{ "cells": [ { "cell_type": "markdown", "metadata": {}, "source": [ "# Exercise 5: Retrieval\n", "\n", "To complete the exercise, follow the instructions and complete the missing code and write the answers where required. All points, except the ones marked with **(N points)** are mandatory. The optional tasks require more independet work and some extra effort. Without completing them you can get at most 75 points for the exercise (the total number of points is 100 and results in grade 10). Sometimes there are more optional exercises and you do not have to complete all of them, you can get at most 100 points." ] }, { "cell_type": "markdown", "metadata": {}, "source": [ "## Introduction\n", "\n", "In the first part of this exercise you will implement some indexing operations used to retrieve information from a corpus of text documents. As the size of readily available text documents grows beyond all measures, methods for fast and user-friendly querying of information from text files are needed.\n", "\n", "Then we will look at some techniques for retrieval of images. We will see how images can be queried using similar techniques than text documents. The exercise concludes with an assigment on evaluation of retrieval systems.\n" ] }, { "cell_type": "markdown", "metadata": {}, "source": [ "## Assignment 1: Text retrieval\n", "\n", "The first assignment will address text retrieval. To make initial processing easy, we will be using NLTK library that you should install if you do not have it on your system." ] }, { "cell_type": "code", "execution_count": 1, "metadata": {}, "outputs": [], "source": [ "# General import\n", "import re, math, sys\n", "import numpy as np\n", "\n", "# NLTK imports\n", "import nltk\n", "from nltk.corpus import stopwords, gutenberg\n", "from nltk.tokenize import word_tokenize, sent_tokenize\n", "\n", "PYTHONIOENCODING=\"UTF-8\"" ] }, { "cell_type": "markdown", "metadata": {}, "source": [ "The **nltk** library includes mechanisms for loading a number of different text corpuses. Load the **Gutenberg corpus** as well as some other resources by using the function ``nltk.download()``. We also download the image material that we will use later in the classical manner." ] }, { "cell_type": "code", "execution_count": null, "metadata": {}, "outputs": [], "source": [ "# Run this cell to download the data used in this exercise - the image dataset\n", "import zipfile, urllib.request, io\n", "zipfile.ZipFile(io.BytesIO(urllib.request.urlopen(\"http://data.vicos.si/lukacu/multimedia/exercise5.zip\").read())).extractall()\n", "\n", "# Download Gutenberg corpus\n", "nltk.download('gutenberg')\n", "# Download Punkt Tokenizer Models\n", "nltk.download('punkt')\n", "# Download Stop Words\n", "nltk.download('stopwords')" ] }, { "cell_type": "markdown", "metadata": {}, "source": [ "Then, with the help of the NLTK Book, familiarize yourself with the contents and structure of the corpus. If at any point of the exercise you find the Gutenberg corpus too small or otherwise unsuitable for your needs you are welcome to try other corpuses available on the internet." ] }, { "cell_type": "code", "execution_count": 7, "metadata": {}, "outputs": [], "source": [ "from nltk.corpus import gutenberg\n", "\n", "# TODO: Show structure of Gutenberg corpus\n" ] }, { "cell_type": "code", "execution_count": 4, "metadata": {}, "outputs": [], "source": [ "# TODO: familiarize/experiment with the content of Gutenberg corpus\n", "# e.g. show the number of words, display first few words, ..." ] }, { "cell_type": "markdown", "metadata": {}, "source": [ " * Preprocess the raw data of each document in the Gutenberg corpus using the nltk inbuilt tokenizer. You can use the function ``nltk.word_tokenize()``. Remove stop words and punctuation to further reduce the amount of data you will need to process later on." ] }, { "cell_type": "code", "execution_count": 5, "metadata": {}, "outputs": [], "source": [ "# TODO\n", "# Write a function that recives an array of words obtained from tokenized file\n", "# as an input parameter and returns an array of filtered words" ] }, { "cell_type": "code", "execution_count": 6, "metadata": {}, "outputs": [], "source": [ "# TODO\n", "# Preprocess raw data of documents in Gutenberg corpus (use build in tokenizer 'word_tokenize')" ] }, { "cell_type": "markdown", "metadata": {}, "source": [ " * In order to simplify and speed up operations on sets of documents, they need to be indexed. This allows a fast look up if and where a query word or phrase appears in our corpus. Build an inverted index. For each unique token appearing in your corpus, make a list of the documents it appears in." ] }, { "cell_type": "code", "execution_count": 3, "metadata": {}, "outputs": [], "source": [ "# TODO: Write an inverted index structure\n" ] }, { "cell_type": "markdown", "metadata": {}, "source": [ " * Index Gutenberg corpus documents and make some queries using Boolean logic (operation AND is an intersection of lists, operation OR is an intersection). Building the entire index takes a lot of time, test your structure on a smaller set (either just a few 100 characters from each document or just three documents), use the entire set when you know that everything works.\n", "\n", " For query \"encompass AND furies\" the system should return documents: 'whitman-leaves.txt', 'milton-paradise.txt'\n", "\n", " For query \"highbury OR behoves\" the system should return documents: 'austen-emma.txt', 'milton-paradise.txt'\n" ] }, { "cell_type": "code", "execution_count": 30, "metadata": {}, "outputs": [], "source": [ "# TODO: Build an index and make some queries\n", "#for k, v in index.index.items():\n", "# if len(v) < 10: \n", "# print(k)\n", "# encompass, behoves, furies\n" ] }, { "cell_type": "markdown", "metadata": {}, "source": [ " * Extend your index with a stopword list and a stemmer for faster and more informative retrieval. Since we are assuming that documents are written in English, you can use `nltk.corpus.stopwords.words('english')` to get a list of stopwords. You can use Porter2, aslo known as Snowball stemmer `from nltk.stem.snowball.EnglishStemmer`." ] }, { "cell_type": "code", "execution_count": null, "metadata": {}, "outputs": [], "source": [ "# TODO: Build index with stopword support and a stemmer, demonstrate its use with some examples" ] }, { "cell_type": "markdown", "metadata": {}, "source": [ " * **(5 points)** To allow querying of tokens that occur together (i.e. common phrases), a positional index can be used. Build a positional index on your corpus. This is an extension of the inverted index where each of the list elements containing the document index also stores a list of positions in the document where the token appears. Make sure you properly removed stop words in order to keep your computation relatively fast.\n", "\n", " Use the positional index to query phrases. That is, return the positions in documents where each of the words in your phrase occurs at approximately the same position in the document." ] }, { "cell_type": "code", "execution_count": 10, "metadata": {}, "outputs": [], "source": [ "# TODO: Build positional index, demonstrate its use with some examples" ] }, { "cell_type": "markdown", "metadata": {}, "source": [ " * The relevance of the documents in your corpus to the user's query can be measured by the term frequency, i.e. how many times the query term appears in each document. Extend your index structure so that it stores the number of appearances of each token in each document as well as the number of the documents in which a certain term appears." ] }, { "cell_type": "code", "execution_count": 4, "metadata": {}, "outputs": [], "source": [ "# TODO: Count the number of appearances of each token in each document\n" ] }, { "cell_type": "markdown", "metadata": {}, "source": [ "The absolute number of appearances is biased, therefore a different metric called **TF-IDF** (short for term frequency\u2013inverse document frequency) is commonly used to rank the relevance of documents containing a query. TF-IDF is computed as follows:\n", "\n", "\\begin{equation}\n", "\\mathrm{tfidf}_{t,d} = \\mathrm{tf}_{t,d} \\cdot \\mathrm{idf}_t,\n", "\\end{equation}\n", "\n", "where $\\mathrm{tf}_{t,d}$ is the frequency of the term $t$ in document $d$ and $\\mathrm{idf}_{t}$ equals to\n", "\n", "\\begin{equation}\n", "\\log_{10}{\\frac{N}{\\mathrm{df}_t}},\n", "\\end{equation}\n", "\n", "where $N$ is the number of documents in the corpus and $\\mathrm{df}_t$ is the number of documents of the corpus in which the term $t$ appears.\n", "\n", "Implement a system that returns the first $5$ most relevant documents from the corpus given a query. Note that your queries can contain more than one word. The score in that case is calculated as\n", "\n", "\\begin{equation}\n", "s(q,d) = \\sum_{t \\in q}{\\mathrm{tfidf}_{t,d}},\n", "\\end{equation}\n", "\n", "where $q$ is your query. " ] }, { "cell_type": "markdown", "metadata": {}, "source": [ " * Write a function that returns the most relevant documents for a given query.\n", "\n", " For query \"lie AND reason AND book\" the five most relevant documents should be: bible-kjv, melville-moby_dick\n", "whitman-leaves, edgeworth-parents, chesterton-brown." ] }, { "cell_type": "code", "execution_count": 11, "metadata": {}, "outputs": [], "source": [ "# TODO: Return 5 most relevant documents from the corpus for a given query\n" ] }, { "cell_type": "markdown", "metadata": {}, "source": [ " * **(5 points)** Implement a system for handling typographical errors of queries on the user's part, use Levenshtein string distance (implemeted in NLTK as `nltk.metrics.distance.edit_distance`) to find the best match in your token list for query elements that are not contained in the corpus. Show that your system returns relevant results for misspelled queries.\n", "\n", " Demonstrate your spelling correction on a few examples, you can use Gutemberg dataset and assume that the language is English." ] }, { "cell_type": "code", "execution_count": 15, "metadata": {}, "outputs": [], "source": [ "# TODO: Handle typographical errors in user's query and return relevant results for misspelled queries." ] }, { "cell_type": "markdown", "metadata": {}, "source": [ "## Assignment 2: Image retrieval\n", "\n", "**Important:** In this assignment you will implement several image retrival systems. The input to the system is a query image and the system should return the images in the database sorted by similarity to the query image. For each approach you will have to extract **a feature vector** from all the images, then compare your query image to all of the database images using the appropriate **distance measure**. You will also have to compare the performance of different features over all the images in your dataset by calcualting an $N \\times N$ similarity matrix.\n", "\n", "**Hint:** You can calculate feature vectors for all images in advance, save them to a file and then use a stored matrix of feature vectors for the rest of the exercise. This approach will save you a lot of time, especially towards the end of the exercise. Do not say I did not warn you!\n", "\n", "You will test your retrieval system on a dataset that is based on the Caltech 101 dataset. It consists of approximately 5000 color images from 83 classes (some classes have been removed, others have been reduced in size to make all classes more balanced). You can use the funtion prepare_dataset to extract the images and their corresponding classes. The function returns a list of images along with the corresponding class labels. You can modify it to only extract (or ignore) specific classes and/or to resize the images for faster processing if you wish. For developing the system you are advised to use a smaller subset of classes with a smaller number of samples to speed up the computation (or alternatively, a subset of easier classes, e.g. accordion, faces, strawberry etc.)." ] }, { "cell_type": "code", "execution_count": 2, "metadata": {}, "outputs": [], "source": [ "def prepare_dataset(n_samples = 10):\n", " # Loads images from caltech_101 dataset and stores their classes\n", " # uses n_samples images from each class\n", " # only uses color images from each class\n", " \n", " # List of images\n", " images_list = []\n", " \n", " # Corresponding list of classes\n", " classes_list = []\n", " \n", " categories = os.walk('images')\n", "\n", " is_first = 1\n", " for subdir_info in categories:\n", " if(is_first):\n", " is_first = 0\n", " \n", " else:\n", " dir_name = subdir_info[0].split('/')\n", " \n", " images = [f for f in os.listdir(subdir_info[0]) if os.path.isfile(os.path.join(subdir_info[0], f))]\n", "\n", " counter = 0\n", " for image in images:\n", " data = io.imread(os.path.join(subdir_info[0], image))\n", " if(len(data.shape) == 3):\n", " if(counter < n_samples):\n", " images_list.append(image)\n", " classes_list.append(dir_name[-1])\n", " counter += 1\n", " \n", " return images_list, classes_list" ] }, { "cell_type": "markdown", "metadata": {}, "source": [ " * Implement a feature extractor based on color histograms. Write a function that computes 3D color histograms for all images in your database. Use the numpy function histogramdd in the RGB color space, then reshape the $3$D histograms to $1$D histograms and stack them together in a $2$D matrix (the matrix is composed in a way that the $i$-th row includes the histogram of the $i$-th image).\n", "\n", " Write a script that tests your system by loading the database (use $8$ bins per color channel), using the fifth image in the database as a reference image." ] }, { "cell_type": "code", "execution_count": 3, "metadata": {}, "outputs": [], "source": [ "# Example usage of \"histogramdd\" function:\n", "#\n", "# Load an image\n", "example_image = io.imread(\"images/airplanes/image_0001.jpg\")\n", "# Reshape image of size (h, w, 3) to (h * w, 3)\n", "example_image_reshaped = np.reshape(example_image, (example_image.shape[0] * example_image.shape[1], 3))\n", "# Compute histograms for each color channel (and normalise it)\n", "H, _ = np.histogramdd(example_image_reshaped, bins = 8, normed = True)" ] }, { "cell_type": "markdown", "metadata": {}, "source": [ " * To compute the distance between the reference histogram and every other histogram in the database you will use Hellinger distance that is defined as:\n", "\n", " \\begin{equation}\n", " H(\\mathbf{h}_1,\\mathbf{h}_2) = \\sqrt{ \\frac{1}{2} \\sum_{i=0}^{N-1} \\Big( \\sqrt{h_1(i)} - \\sqrt{h_2(i)} \\Big)^2 }.\n", " \\end{equation}\n", "\n", " Note that low values of Hellinger distances signify high similarity while high values signify low similarity. This is exactly the opposite what is expected by the ROC curve algoritm (that you will use in the next assignment). This can be fixed by redefining the histogram distance measure. If we assume that $H(\\mathbf{h}_1,\\mathbf{h}_2)$ denotes the Helliner distance between histograms $\\mathbf{h}_1$ and $\\mathbf{h}_2$, we can define the new distance simply as\n", "\n", " \\begin{equation}\n", " \\rho(\\mathbf{h}_1,\\mathbf{h}_2) = 1 - H(\\mathbf{h}_1,\\mathbf{h}_2).\n", " \\end{equation}\n", "\n", " Compute the distances to all other images, sort the distances and display the first five matches and the reference image in a same figure." ] }, { "cell_type": "code", "execution_count": 194, "metadata": {}, "outputs": [], "source": [ "# TODO" ] }, { "cell_type": "markdown", "metadata": {}, "source": [ " * Implement a system that uses normalized cross-correlation of grayscale images. The normalized cross-correlation between two sequences of same size $\\mathbf{X}$ and $\\mathbf{Y}$, denoted as $NCC(\\mathbf{X},\\mathbf{Y})$ is defined as scalar product between normalized sequences:\n", "\n", " \\begin{equation}\n", " NCC(\\mathbf{X},\\mathbf{Y}) = \\frac{1}{N} \\frac{\\sum (x_i - \\bar{x}) (y_i - \\bar{y})}{ \\Big(\\sqrt{ \\frac{1}{N} \\sum (x_i - \\bar{x})^2 } \\Big) \\Big(\\sqrt{ \\frac{1}{N} \\sum (y_i - \\bar{y})^2 } \\Big) }.\n", " \\end{equation}\n", "\n", " where $\\bar{x}$ and $\\bar{y}$ denote the mean values of the elements in the sequences. Sequences are more similar if the correlation is higher. More information is available here.\n", " \n", " **Note:** One can only compute normalized cross-correlation for grayscale images of the same size. Since our database contains images of different sizes we have to first resize and/or crop images to get them to the reference size (the choice is up to you, but make it larger thatn 64x64 pixels). Then convert them to grayscale and reshape them into vectors of intensity values. \n", " \n", " Repeat the testing of the system in the same manner than in the previous task, load images, convert them to grayscale, select a reference image, compute the distances and display the first five matches. What is the system sensitive to? \n", "\n" ] }, { "cell_type": "code", "execution_count": null, "metadata": {}, "outputs": [], "source": [ "# TODO" ] }, { "cell_type": "markdown", "metadata": {}, "source": [ " * Implement a retrieval system that uses CNN features to calculate image similarity. You will need the PyTorch library and a pretrained neural network of your choice. Note that architectures of the models are different and you need to check the model documentation to find out which layer contains useful features (but generally it is the penultimate layer). Its features should be one dimensional vectors that you can compare using the Hellinger distance. Plot the ROC curve for the system and comment on its performance related to the NCC and color histogram systems. Help yourself with the sample code below." ] }, { "cell_type": "code", "execution_count": 4, "metadata": {}, "outputs": [], "source": [ "# Get pretrained ALEXNET model (you can also use other models)\n", "# Full list of pretrained models is available at: https://pytorch.org/docs/stable/torchvision/models.html\n", "model = models.alexnet(pretrained=True)\n", "\n", "# Remove last fully-connected layer (Second to last layer usually contains useful features)\n", "new_classifier = nn.Sequential(*list(model.classifier.children())[:-1])\n", "model.classifier = new_classifier\n", "\n", "# Read an image\n", "image = io.imread(\"images/airplanes/image_0001.jpg\")\n", "\n", "# Image transforms (for preprocessing)\n", "# Note: You must check the documentation of your chosen model to see what kind of \n", "# preprocessing procedure is required \n", "transform = transforms.Compose([\n", " transforms.ToPILImage(),\n", " transforms.Resize(256), # Resize the image to 256x256\n", " transforms.CenterCrop(224), # Central crop the image to 224x224\n", " transforms.ToTensor(), # Convert it to a tensor\n", " transforms.Normalize(mean=[0.485, 0.456, 0.406], # Subtract mean value\n", " std=[0.229, 0.224, 0.225]) # And normalize it using the std value\n", "])\n", "\n", "# Preprocess the input image and prepare a batch to be passed to the model\n", "image_preprocessed = transform(image)\n", "inference_batch = torch.unsqueeze(image_preprocessed, 0)\n", "\n", "# Put the model in EVAL (inference) mode\n", "model.eval()\n", "\n", "# Perform the inference on the given batch\n", "feature_vector = model(inference_batch)\n", "\n", "# Show values of the feature_vector tensor\n", "print(feature_vector)\n", "# Show the shape of the feature_vector tensor\n", "# Note: It should be a one dimensional tensor/vector\n", "print(feature_vector.shape) \n", "\n", "# Convert tensor vector to numpy\n", "# Use this to check image similarities\n", "feature_vector_numpy = feature_vector.detach().numpy()\n", "\n", "# Uncomment to print the non-truncated feature vector\n", "# with np.printoptions(threshold=np.inf):\n", "# print(feature_vector_numpy)" ] }, { "cell_type": "code", "execution_count": null, "metadata": {}, "outputs": [], "source": [ "# TODO" ] }, { "cell_type": "markdown", "metadata": {}, "source": [ " * (5 points) Extend the retrieval method based on color histograms by including spatial information. Divide the input image into subregions, calculate the histogram for reach region, then concatenate the histograms into a final feature vector. Experiment with different numbers of subregions and comment on the performance of the new method." ] }, { "cell_type": "code", "execution_count": null, "metadata": {}, "outputs": [], "source": [ "# TODO: write your code here" ] }, { "cell_type": "markdown", "metadata": {}, "source": [ " * **(10 points)** Implement a bag-of-words (BoW) approach for image retrieval. First, extract local features from each image (you can use SIFT or a similar descriptor found in OpenCV library), then generate a codebook via a clustering method (as described here). The image feature vectors are then histograms of the codewords and can be used for comparison. You do not have to use the entire library to build a dictionary, use just a quater.\n", "\n", " See the paper for further info on implementation details for BoW image retrieval." ] }, { "cell_type": "code", "execution_count": 1, "metadata": {}, "outputs": [], "source": [ "# TODO: write your code here" ] }, { "cell_type": "markdown", "metadata": {}, "source": [ "## Assignment 3: ROC analysis\n", "\n", "The purpose of this assignment is to learn the theory and practical use of ROC analysis. Therefore you should first read a paper about ROC curves (*if you do not have access to ScienceDirect from home, then you can use this link to obtain the paper*). While reading, pay special attention to sections $1$--$5$ and $7$--$8$. In the following tasks you will work on a given theoretical example of two classifiers ($C_1$ and $C_2$).\n", "\n", "We have a set of samples that we wish to classify in one of two classes and a ground truth class of each sample (denoted as $0$ and $1$). For each sample a classifier gives us a score based on which we can determine to which class should the sample belong to (score closer to $0$ means class $0$, score closer to $1$ means class $1$). Below are the results for $8$ samples, their ground truth values ($\\xi_\\mathrm{id}$) and the score values for both classifiers ($\\xi_{C_1}$ and $\\xi_{C_2}$).\n", "\n", "\\begin{equation}\n", " \\begin{array}{*{20}c}\n", " {\\xi_\\mathrm{id} = } & {\\left[ {} \\right.} & 1 & 0 & 1 & 1 & 1 & 0 & 0 & 0 & {\\left. {} \\right]} \\\\\n", " {\\xi_{C_1} = } & {\\left[ {} \\right.} & {0.5} & {0.3} & {0.6} & {0.22} & {0.4} & {0.51} & {0.2} & {0.33} & {\\left. {} \\right]} \\\\\n", " {\\xi_{C_2} = } & {\\left[ {} \\right.} & {0.04} & {0.1} & {0.68} & {0.22} & {0.4} & {0.11} & {0.8} & {0.53} & {\\left. {} \\right]} \\\\\n", " \\end{array}\n", "\\end{equation}" ] }, { "cell_type": "markdown", "metadata": {}, "source": [ " * For the example above calculate and draw the ROC curves (by hand) for classifier $C_1$ as well as classifier $C_2$. Also calculate the area under the curve (AUC) for both classifiers. For the classifier $C_1$ select a decision threshold (working points) $\\vartheta_{th1}=0.33$ and use it to calculate the confusion matrix and the $F$ measure score. Do the same thing for the classifier $C_2$ using a threshold value $\\vartheta_{th2}=0.1$.\n", "\n", " **Question:** Based on Fawcett theory decide which classifier is better in the selected working points and motivate your decision. Which working point is optimal for each classifier?" ] }, { "cell_type": "code", "execution_count": null, "metadata": {}, "outputs": [], "source": [ "# TODO" ] }, { "cell_type": "markdown", "metadata": {}, "source": [ " * You will now calculate ROC curves for combined classifiers. We have two binary classifiers, $C_1$ ($\\vartheta_{th1}=0.33$) and $C_2$ ($\\vartheta_{th2}=0.1$), which means that the classifier $C_1$ classifies a sample as class $1$, if its score is $\\xi_{C_1}(\\mathbf{x}_i) > \\vartheta_{th1}$, otherwise it classifies it as class $0$, similarly can be said about classifier $C_2$. The first combined classifier $C_3$ can be obtained as the intersection of decisions of the two basic classifiers, $C_3 = C_1 \\bigwedge C_2$ ($C_3$ classifies a sample as class $1$ if both basic classifiers classify it as class $1$). The second one can be obtained as an union of the decisions of the two basic classifiers, $C_4 = C_1 \\bigvee C_2$ ($C_4$ classifies a sample as class $1$ if at least one of the basic classifiers classifies it as class $1$). For each combined classifier calculate and plot its point in the ROC space together with the ROC curves from previous tasks." ] }, { "cell_type": "code", "execution_count": null, "metadata": {}, "outputs": [], "source": [ "# TODO" ] }, { "cell_type": "markdown", "metadata": {}, "source": [ "* Use [sklearn.metrics.roc_curve](https://scikit-learn.org/stable/modules/generated/sklearn.metrics.roc_curve.html) to calculate ROC cruves. Study the documentation and reproduce results for the classifiers from the previous task. To obtain AUC you can use [sklearn.metrics.roc_auc_score](https://scikit-learn.org/stable/modules/generated/sklearn.metrics.roc_auc_score.html#sklearn.metrics.roc_auc_score)." ] }, { "cell_type": "code", "execution_count": 2, "metadata": {}, "outputs": [], "source": [ "from sklearn.metrics import roc_curve, roc_auc_score\n", "\n", "# TODO" ] }, { "cell_type": "markdown", "metadata": {}, "source": [ " * [Fawcett et al.](https://www.sciencedirect.com/science/article/pii/S016786550500303X) explains how to select an optimal working point for a classifier from a ROC curve. The threshold should be at the point on the curve that is the closest to the point $[0,1]$ in the ROC space. Write a function **get_wp** that calculates the optimal working point for the given ROC curve and returns the corresponding threshold value and $F$ score value as results. Test your code on classifiers $C_1$ and $C_2$. Based on the AUC decide which classifier is performing better over all threshold values, based on the $F$ score at the optimal working point decide which classifier is better at this point. Write a script that calculates and draws ROC curves for classifiers $C_1$ and $C_2$ on the same plot, for both classifiers mark the optimal working point and set the title of the plot to display values of the thresholds, $F$ scores and AUC for both classifiers." ] }, { "cell_type": "code", "execution_count": null, "metadata": {}, "outputs": [], "source": [ "# TODO" ] }, { "cell_type": "markdown", "metadata": {}, "source": [ " * The image retrieval systems can currently return distances between each image in the database to the reference image. If we want to build a binary classifier we have to determine the optimal threshold that can be used to decide if a classifier belongs to the class of the reference image or not. We will use ROC analysis that you have implemented in the previous assignment. Use the ROC curves to determine optimal threshold. You can use an image in the database as a reference image and compute distances to every other image in the dataset. If we select the first image we can generate a ROC curve for that image, however, this curve only tells us the properties of the system for this input and may not be generalizable. If we select a different image we can get a completely different ROC curve with a different optimal point. Instead, use the following procedure to compute the ROC curve over all images in the database.\n", "\n", " 1. Load the database.\n", " 2. For each image in the database:\n", " * Use the selected image as a reference image.\n", " * Compute the distance between the reference image and the remaining images in the database and store the distances to vector $\\vartheta_\\mathrm{score}$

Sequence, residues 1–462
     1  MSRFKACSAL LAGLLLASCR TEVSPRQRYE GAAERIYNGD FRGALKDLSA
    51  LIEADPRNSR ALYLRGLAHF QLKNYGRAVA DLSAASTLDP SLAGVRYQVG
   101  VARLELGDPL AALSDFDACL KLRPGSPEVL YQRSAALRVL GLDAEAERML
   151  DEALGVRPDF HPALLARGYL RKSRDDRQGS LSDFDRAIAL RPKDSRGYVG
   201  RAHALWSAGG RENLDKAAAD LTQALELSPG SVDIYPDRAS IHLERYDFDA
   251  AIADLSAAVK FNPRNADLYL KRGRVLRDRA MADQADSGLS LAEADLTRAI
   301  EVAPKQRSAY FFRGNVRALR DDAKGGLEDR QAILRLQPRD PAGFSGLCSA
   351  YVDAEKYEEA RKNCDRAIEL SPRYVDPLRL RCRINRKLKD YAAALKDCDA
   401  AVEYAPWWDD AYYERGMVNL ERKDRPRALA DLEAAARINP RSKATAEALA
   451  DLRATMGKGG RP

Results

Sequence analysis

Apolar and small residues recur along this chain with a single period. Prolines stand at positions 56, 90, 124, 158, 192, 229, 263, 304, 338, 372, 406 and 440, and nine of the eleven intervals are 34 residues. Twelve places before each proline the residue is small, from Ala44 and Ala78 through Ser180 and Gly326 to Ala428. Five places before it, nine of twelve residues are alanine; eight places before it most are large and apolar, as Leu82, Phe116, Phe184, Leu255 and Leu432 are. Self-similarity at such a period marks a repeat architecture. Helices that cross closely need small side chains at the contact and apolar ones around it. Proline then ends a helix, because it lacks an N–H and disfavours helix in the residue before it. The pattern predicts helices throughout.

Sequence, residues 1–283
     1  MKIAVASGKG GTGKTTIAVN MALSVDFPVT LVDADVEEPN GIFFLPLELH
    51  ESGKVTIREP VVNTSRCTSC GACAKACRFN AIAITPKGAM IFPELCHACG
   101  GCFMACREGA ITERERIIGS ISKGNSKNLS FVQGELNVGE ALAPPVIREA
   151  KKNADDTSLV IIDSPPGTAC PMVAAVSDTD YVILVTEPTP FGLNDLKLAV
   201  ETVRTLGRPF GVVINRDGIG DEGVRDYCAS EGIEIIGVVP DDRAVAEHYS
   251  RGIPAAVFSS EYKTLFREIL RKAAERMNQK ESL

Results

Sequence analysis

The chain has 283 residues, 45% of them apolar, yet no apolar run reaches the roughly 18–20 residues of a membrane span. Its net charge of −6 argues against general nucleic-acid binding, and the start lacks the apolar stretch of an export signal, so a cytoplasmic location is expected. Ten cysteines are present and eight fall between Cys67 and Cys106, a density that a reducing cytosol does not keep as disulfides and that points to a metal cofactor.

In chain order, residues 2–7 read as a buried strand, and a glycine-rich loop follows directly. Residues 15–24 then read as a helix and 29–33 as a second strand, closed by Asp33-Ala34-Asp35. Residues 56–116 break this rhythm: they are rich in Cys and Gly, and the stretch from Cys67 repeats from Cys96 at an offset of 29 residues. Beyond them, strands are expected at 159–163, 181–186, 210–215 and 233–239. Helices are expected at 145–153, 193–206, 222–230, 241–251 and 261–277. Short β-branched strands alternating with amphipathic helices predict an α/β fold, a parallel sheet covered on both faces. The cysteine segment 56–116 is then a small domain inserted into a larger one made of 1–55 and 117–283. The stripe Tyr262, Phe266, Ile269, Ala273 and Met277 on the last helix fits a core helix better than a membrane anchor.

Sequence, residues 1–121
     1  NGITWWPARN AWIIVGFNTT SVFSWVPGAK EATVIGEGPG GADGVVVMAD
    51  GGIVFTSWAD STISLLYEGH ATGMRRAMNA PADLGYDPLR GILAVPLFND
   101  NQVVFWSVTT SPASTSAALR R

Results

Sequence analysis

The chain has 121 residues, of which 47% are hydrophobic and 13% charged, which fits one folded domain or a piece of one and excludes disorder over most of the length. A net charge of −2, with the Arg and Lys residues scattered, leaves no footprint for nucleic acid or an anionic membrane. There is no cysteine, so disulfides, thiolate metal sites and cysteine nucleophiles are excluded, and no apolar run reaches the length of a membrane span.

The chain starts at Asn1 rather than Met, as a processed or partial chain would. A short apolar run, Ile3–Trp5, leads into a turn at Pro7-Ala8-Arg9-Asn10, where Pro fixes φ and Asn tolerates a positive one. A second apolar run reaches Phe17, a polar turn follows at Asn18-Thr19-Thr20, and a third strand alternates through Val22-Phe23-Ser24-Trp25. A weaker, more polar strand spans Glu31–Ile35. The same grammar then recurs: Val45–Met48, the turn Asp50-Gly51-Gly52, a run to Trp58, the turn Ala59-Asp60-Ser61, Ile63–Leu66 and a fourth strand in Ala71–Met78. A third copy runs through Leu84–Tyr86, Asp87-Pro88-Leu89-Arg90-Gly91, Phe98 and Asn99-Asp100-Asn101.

(the vector must not include distance to the reference image itself).\n", " * Use the provided label ground truth data to compose a vector of binary ground truth for the given reference image by comparing it to the class of the reference image. Save the binary ground truth to vector $\\vartheta_\\mathrm{class}$.\n", " * Extend the overall vectors for scores and ground truth by appending the new data: $\\varphi_\\mathrm{class} = \\varphi_\\mathrm{class} + \\vartheta_\\mathrm{class}$ and $\\varphi_\\mathrm{score} = \\varphi_\\mathrm{score} + \\vartheta_\\mathrm{score}$. \n", " 3. Use the composed overall vectors $\\varphi_\\mathrm{score}$ and $\\varphi_\\mathrm{class}$ to compute the ROC curve.\n", " \n", " Evaluate all three systems by plotting their ROC curves and compare them. Determine the optimal threshold value, plot it in the ROC space (on top of the ROC curve). Do not forget to label the axes of the plot.\n", " \n", " **Note:** Pay attention to the values produced by individual distance measures, some measures produce lower values when samples are more alike, some produce higher values in such cases." ] }, { "cell_type": "code", "execution_count": null, "metadata": {}, "outputs": [], "source": [ "# TODO: write your code here" ] }, { "cell_type": "markdown", "metadata": {}, "source": [ "* **(5 points)** Compare performance of several deep descriptors (e.g. ResNet family, VGG) using ROC analysis. Download pretrained networks and extract the feature extraction part of the model (remove the fully-connected layers at the end). It is a good idea to pre-compute the features for parts of the dataset and store them on the disk, then load them for further analysis to save time." ] }, { "cell_type": "code", "execution_count": null, "metadata": {}, "outputs": [], "source": [ "# TODO: write your code here" ] } ], "metadata": { "kernelspec": { "display_name": "Python 3", "language": "python", "name": "python3" }, "language_info": { "codemirror_mode": { "name": "ipython", "version": 3 }, "file_extension": ".py", "mimetype": "text/x-python", "name": "python", "nbconvert_exporter": "python", "pygments_lexer": "ipython3", "version": "3.7.3" } }, "nbformat": 4, "nbformat_minor": 2 }